In real world, a client device can connect to local network which DHCP-provided DNS resolvers don't support DNSSEC (e.g. are not able to provide all the necessary information like DNSKEY, RRSIG, etc.). When using dnssec-triggerd, it will probe DHCP-provided resolvers and realize, that these are not usable for use with DNSSEC. This means dnssec-trigger will configure Unbound to use root and authoritative servers (do full recursion) or use fall-back infrastructure listening on HTTP/HTTPS ports, in case the local network firewall blocks outbound DNS queries from client devices.

However there are cases then the user wants to use the DHCP-provided DNS resolvers even if these are NOT DNSSEC-enabled. The most common case like this is when the DHCP-provided DNS resolvers have an internal view of some domain (when using split DNS view).

The local or VPN connection may provide a search domains list, which can be used to forward only DNS Queries for specific domains to the resolvers from the local/VPN connection.

In case the connection does not provide any search domains list there is currently no way to determine which Queries should be forwarded to the local resolvers, without manual configuration.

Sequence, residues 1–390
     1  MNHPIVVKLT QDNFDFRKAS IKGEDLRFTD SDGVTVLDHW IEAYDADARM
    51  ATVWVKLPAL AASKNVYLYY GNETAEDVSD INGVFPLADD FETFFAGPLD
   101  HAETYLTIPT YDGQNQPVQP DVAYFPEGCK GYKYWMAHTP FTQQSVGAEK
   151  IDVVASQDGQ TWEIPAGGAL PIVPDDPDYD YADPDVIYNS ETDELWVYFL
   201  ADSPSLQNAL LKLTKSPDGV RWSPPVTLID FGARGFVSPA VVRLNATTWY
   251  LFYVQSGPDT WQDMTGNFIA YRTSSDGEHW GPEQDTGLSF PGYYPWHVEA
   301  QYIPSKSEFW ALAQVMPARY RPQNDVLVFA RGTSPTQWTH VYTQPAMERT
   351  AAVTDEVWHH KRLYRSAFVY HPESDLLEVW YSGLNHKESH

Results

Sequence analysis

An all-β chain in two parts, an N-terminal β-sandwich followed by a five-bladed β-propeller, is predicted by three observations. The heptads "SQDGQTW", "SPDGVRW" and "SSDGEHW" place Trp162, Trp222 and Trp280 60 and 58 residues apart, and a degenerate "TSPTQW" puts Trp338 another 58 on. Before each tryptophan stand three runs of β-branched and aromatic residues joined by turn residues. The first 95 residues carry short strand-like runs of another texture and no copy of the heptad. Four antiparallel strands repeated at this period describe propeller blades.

This is the situation that the mixed-mode module intends to solve.

Function

Note.png
Disclaimer
Method described below is covered by US patent application named "USING DOMAIN NAME SYSTEM SECURITY EXTENSIONS IN A MIXED-MODE ENVIRONMENT". See Red Hat, Inc. Statement of Position and Our Promise on Software Patents

There are some basic assumptions for the solution to work:

  • If the machine is connected to multiple networks, the network management software always determines only single one as the default connection.
  • The connection-provided resolvers are NOT DNSSEC-enabled and thus would not be selected for general DNS resolution.
  • There are other means of doing DNS resolution with validation
    • The network does not block outbound DNS Queries to the Internet (and to authoritative servers)
    • There is existing external (to the local network) public infrastructure of DNS resolvers running on HTTP/HTTPS ports

TBD

Configuration

Important.png
The configuration may change at any time
The configuration syntax and any configuration options related to the mixed-mode may change in the future!

To be able to use the module, one has to edit the unbound server configuration file /etc/unbound/unbound.conf.

Most importantly add the mixed-mode module into list of modules. The module has to be placed before the validator module. This is due to the fact, that mixed-mode module acts upon the final DNSSEC verification of the DNS Answer.

...
server:
    ...
    module-config: "mixed-mode validator iterator"